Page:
Shunt resistor ICs

There are numerous ICs that have been designed to detect overcurrent conditions, for instance, the INA300. It requires a supply voltage of 5V and can accommodate a common voltage of 36V. INA300’s overcurrent threshold can be adjusted using a DAC or an external resistor. Its response time varies between 10μs and 100μs. The alert pin can either follow the input state of latch due to an overcurrent. During latch mode, the microcontroller clears the latch as a way of acknowledging that it received an alert.

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Some applications demand high-speed overcurrent protection to protect downstream electronic components from damage. Examples of such applications include industrial motor control and DC-to-DC converters. To achieve this, the AD8211 is used to amplify the voltage across the shunt resistor and the feedback is supplied to the control loop. The AD8211 has the capability of rejecting common-mode voltage of up to 65V.It also provides a ground referenced and buffered output that can suitably be connected to an ADC.


The AD8214 is also equally fast as it offers a response time 100 ns. It also exhibits high common-mode-voltage. This current shunt comparator contains a Zener diode that enables it to operate from a supply voltage of up to 65V.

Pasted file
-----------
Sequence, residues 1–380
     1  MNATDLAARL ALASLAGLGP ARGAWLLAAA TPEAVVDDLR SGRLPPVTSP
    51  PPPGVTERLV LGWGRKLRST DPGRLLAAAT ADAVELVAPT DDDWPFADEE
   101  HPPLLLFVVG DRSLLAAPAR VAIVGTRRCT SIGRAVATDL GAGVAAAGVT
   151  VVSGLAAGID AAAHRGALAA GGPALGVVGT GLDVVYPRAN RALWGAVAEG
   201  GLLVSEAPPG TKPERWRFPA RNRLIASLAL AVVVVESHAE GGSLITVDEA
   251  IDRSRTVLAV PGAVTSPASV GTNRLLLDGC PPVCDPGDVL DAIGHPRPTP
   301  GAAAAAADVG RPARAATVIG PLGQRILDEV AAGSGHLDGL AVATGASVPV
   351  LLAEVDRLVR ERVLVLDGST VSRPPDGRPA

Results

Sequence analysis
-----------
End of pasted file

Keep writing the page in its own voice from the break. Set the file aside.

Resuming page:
Current sensing using MOSFET

A power MOSFET can be used instead of the shunt resistor to detect overcurrent. The Infineon AUIR3200S is a good example of such a driver. It also embodies a short-circuit protection.


The AUIR3200S detect avoltage drop across the power FET. This is a function of load current andRDS(ON). When the MOSFET is turned on, the source voltage can be established using the equation below;

=  –


=  x

The input voltage Vs is then compared to a reference voltage,

=  –  x

In the event of overcurrent, the source voltage Vs exceeds the reference voltage   hence triggering the internal comparator and turning the MOSFET. To minimize errors a low tolerance is chosen for .  of a MOSFET is insensitive to drain current. However, it increases the junction temperature. A positive temperature coefficient has been designed into the device to compensate for this.

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Direct current measure in high current applications

In high-current applications, shunt resistors could introduce a lot of heat mostly in high-temperature environments. In such cases, a current-sharing MOSFET is more preferable. A current sharing MOSFET utilizes small portions of the identical paralleled transistors to form a second low power MOSFET (senseFET). The senseFET is isolated from the power device. They both have a common gate and drain but have aseparate source. A good example of a high-current sensing FET is the IXTN660N04T4.



There are many options for protecting against short-circuit and overcurrent. While in the short run they may be costly compared to a simple fuse, they are more reliable and less costly in the long run.